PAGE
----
let all_windows_vms = Heartbeat

| where TimeGenerated > now(-7d)

| where OSType == ‘Windows’

| summarize makeset(Resource); ProtectionStatus

| where Resource in (all_windows_vms)

| where ThreatStatusRank <> 150

| sort by TimeGenerated desc

Testing

All the tech content here will be useless without data. So you’ll need some data! Search for the Eicar test string/file and start “infecting” machines – be sure to let people know if there are people monitoring the environment first.

Security Center

Security Center will record incidents for you:

You will get email alerts if you have configured notifications in the subscription’s Security Center settings. Make sure the threshold is set to LOW.

If you want an alternative form of alert then you can use a Log Analytics alert (Scheduled Query Alert resource type) based on the below basic query:

SecurityAlert

| where TimeGenerated > now(-5m)

| where VendorName == ‘Microsoft Antimalware’

The above query will search for Windows Defender alerts stored in Log Analytics (by Security Center) in the last 5 minutes. If the threshold is freater than 0 then you can trigger an Azure Monitor Action Group to tell whomever or start whatever task you want.

Workbooks

Armed with the ability to query the ProtectionStatus table, you can create your own visualisations for easy reporting on Windows Defender across many machines.

 

The pie chart is made using this query:

let all_windows_vms = Heartbeat

| where TimeGenerated > now(-7d)

| where OSType == ‘Windows’

| summarize makeset(Resource); ProtectionStatus

| where TimeGenerated > now(-7d)

| where Resource in (all_windows_vms)

| where ThreatStatusRank <> ‘150’

| summarize count(Threat) by Threat

With some reading and practice, you can make a really fancy workbook.

Azure Sentinel

I have enabled the Entity Behavior preview.

Azure Sentinel is supposed to be the central place to monitor all security events, hunt for issues, and where to start investigations – that latter thanks to the new Entity Behavior feature. Azure Sentinel is powered by Log Analytics – if you have data in there then you can query that data, correlate it, and do some clever things.

We have a query that can search for malware incidents reported by Windows Defender. What we will do is create a new Analytic Rule that will run every 5 minutes using 5 minutes of data. If the results exceed 0 (threshold greater than 0) then we will create an incident.

let all_windows_vms = Heartbeat

| where TimeGenerated > now(-7d)

| where OSType == ‘Windows’

| summarize makeset(Resource); ProtectionStatus

| where TimeGenerated > now(-5m)

| where Resource in (all_windows_vms)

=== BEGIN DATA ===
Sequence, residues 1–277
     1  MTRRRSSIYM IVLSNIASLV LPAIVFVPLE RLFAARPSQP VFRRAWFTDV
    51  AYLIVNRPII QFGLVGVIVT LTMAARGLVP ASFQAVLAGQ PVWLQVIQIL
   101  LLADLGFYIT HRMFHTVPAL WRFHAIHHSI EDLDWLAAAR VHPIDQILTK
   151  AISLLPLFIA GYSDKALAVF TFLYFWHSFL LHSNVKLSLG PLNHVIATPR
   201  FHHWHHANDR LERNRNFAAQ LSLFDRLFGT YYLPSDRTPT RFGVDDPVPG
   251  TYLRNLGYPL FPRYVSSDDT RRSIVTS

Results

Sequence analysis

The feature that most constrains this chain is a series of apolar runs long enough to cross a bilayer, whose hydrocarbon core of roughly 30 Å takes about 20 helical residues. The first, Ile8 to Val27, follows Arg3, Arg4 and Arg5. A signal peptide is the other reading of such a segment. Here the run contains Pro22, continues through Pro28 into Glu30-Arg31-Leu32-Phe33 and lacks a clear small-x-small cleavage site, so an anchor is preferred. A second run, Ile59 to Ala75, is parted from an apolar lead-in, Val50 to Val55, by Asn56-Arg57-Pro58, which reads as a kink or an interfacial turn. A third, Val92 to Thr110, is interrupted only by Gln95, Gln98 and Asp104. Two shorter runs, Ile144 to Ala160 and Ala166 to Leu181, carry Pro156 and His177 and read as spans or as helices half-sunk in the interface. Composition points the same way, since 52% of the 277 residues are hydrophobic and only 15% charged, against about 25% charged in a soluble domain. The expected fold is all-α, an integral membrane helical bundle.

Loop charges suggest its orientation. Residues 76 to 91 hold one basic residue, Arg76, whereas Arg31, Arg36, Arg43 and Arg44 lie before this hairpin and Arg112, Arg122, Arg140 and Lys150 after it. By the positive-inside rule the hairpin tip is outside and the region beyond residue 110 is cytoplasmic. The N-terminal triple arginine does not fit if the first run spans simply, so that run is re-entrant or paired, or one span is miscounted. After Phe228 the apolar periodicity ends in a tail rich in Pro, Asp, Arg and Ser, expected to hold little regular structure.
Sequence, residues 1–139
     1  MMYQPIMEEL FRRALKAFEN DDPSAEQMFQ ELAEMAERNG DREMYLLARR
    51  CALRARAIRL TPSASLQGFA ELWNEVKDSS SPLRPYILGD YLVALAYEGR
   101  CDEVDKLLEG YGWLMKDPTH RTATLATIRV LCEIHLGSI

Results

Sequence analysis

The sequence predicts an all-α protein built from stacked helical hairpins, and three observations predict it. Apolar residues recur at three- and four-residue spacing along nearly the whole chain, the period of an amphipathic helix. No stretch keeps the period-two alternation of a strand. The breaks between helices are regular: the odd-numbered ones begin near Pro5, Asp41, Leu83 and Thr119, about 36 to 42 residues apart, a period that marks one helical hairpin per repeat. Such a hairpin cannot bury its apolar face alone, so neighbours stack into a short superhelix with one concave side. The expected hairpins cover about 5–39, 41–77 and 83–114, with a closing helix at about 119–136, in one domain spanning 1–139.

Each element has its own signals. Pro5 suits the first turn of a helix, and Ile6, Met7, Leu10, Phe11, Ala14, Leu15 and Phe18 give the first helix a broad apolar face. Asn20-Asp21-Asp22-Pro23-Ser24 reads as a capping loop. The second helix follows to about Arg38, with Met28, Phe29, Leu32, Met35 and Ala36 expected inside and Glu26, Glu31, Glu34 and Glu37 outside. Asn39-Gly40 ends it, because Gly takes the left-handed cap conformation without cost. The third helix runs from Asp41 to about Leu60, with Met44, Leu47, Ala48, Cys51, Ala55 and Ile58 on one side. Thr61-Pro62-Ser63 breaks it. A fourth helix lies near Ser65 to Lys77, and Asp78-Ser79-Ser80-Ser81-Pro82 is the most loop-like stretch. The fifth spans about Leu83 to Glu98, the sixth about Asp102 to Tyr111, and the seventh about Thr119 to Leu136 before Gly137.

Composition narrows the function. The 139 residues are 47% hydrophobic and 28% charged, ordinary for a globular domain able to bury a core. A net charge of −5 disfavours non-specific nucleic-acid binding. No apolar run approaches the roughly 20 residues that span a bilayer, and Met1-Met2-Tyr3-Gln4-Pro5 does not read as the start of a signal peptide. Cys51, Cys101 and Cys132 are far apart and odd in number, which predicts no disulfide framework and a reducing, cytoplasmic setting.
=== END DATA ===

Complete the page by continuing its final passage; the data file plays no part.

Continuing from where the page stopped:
| where ThreatStatus <> ‘No threats detected’ or ThreatStatusRank <> ‘150’ or Threat <> ”

| sort by Resource asc | extend HostCustomEntity = Computer

The last line is used to identity an entity. Optionally, we can associate a logic app for an automated response. Once that first malware detection is found:

You can do the usual operational stuff with these incidents. Note that this data is recorded and your effectiveness as a security organisation is visible in the Security Efficiency Workbook in Azure Sentinel – even the watchers are watched! If you open an incident you can click investigate which opens a new Investigation screen that leverages the Entity Behavior data. In my case, the computer is the entity.

The break-out dialogs allow me to query Log Analytics to learn more about the machine and its state at the time and the state of Windows Defender. For example, I can see who was logged into the machine at that time and what processes were running. Pretty nice, eh?

The Office – Construction Complete

The construction of Cloud Mechanix global HQ finished yesterday afternoon. The final piece to go in place was the step up to the door. You can really see the slope in the site in the below photo.


If you step in you can see the all-wood finish, with the 1st fitting electrics, ready for the final touches.

And you can see the view from one of the locations where one of the desks will be located.

We had some paving stones from the site clearance, so they are being repurposed to cross the lawn from the house to the front door. A swing set was placed directly in-front of the office – the replacement is going to the far end of the lawn. The grass underneath and the empty anchor spots are bald so I’ll be re-sowing grass there in the coming days.

So what’s next? Paint and second-fitting electrics are next in the project plan. I will also be looking at how we can extend the house security systems to the office – a combination of a supplier-based monitored alarm system and the Ring cameras. That will allow us to insure the contents of the new office, and then … it’ll be time to move in.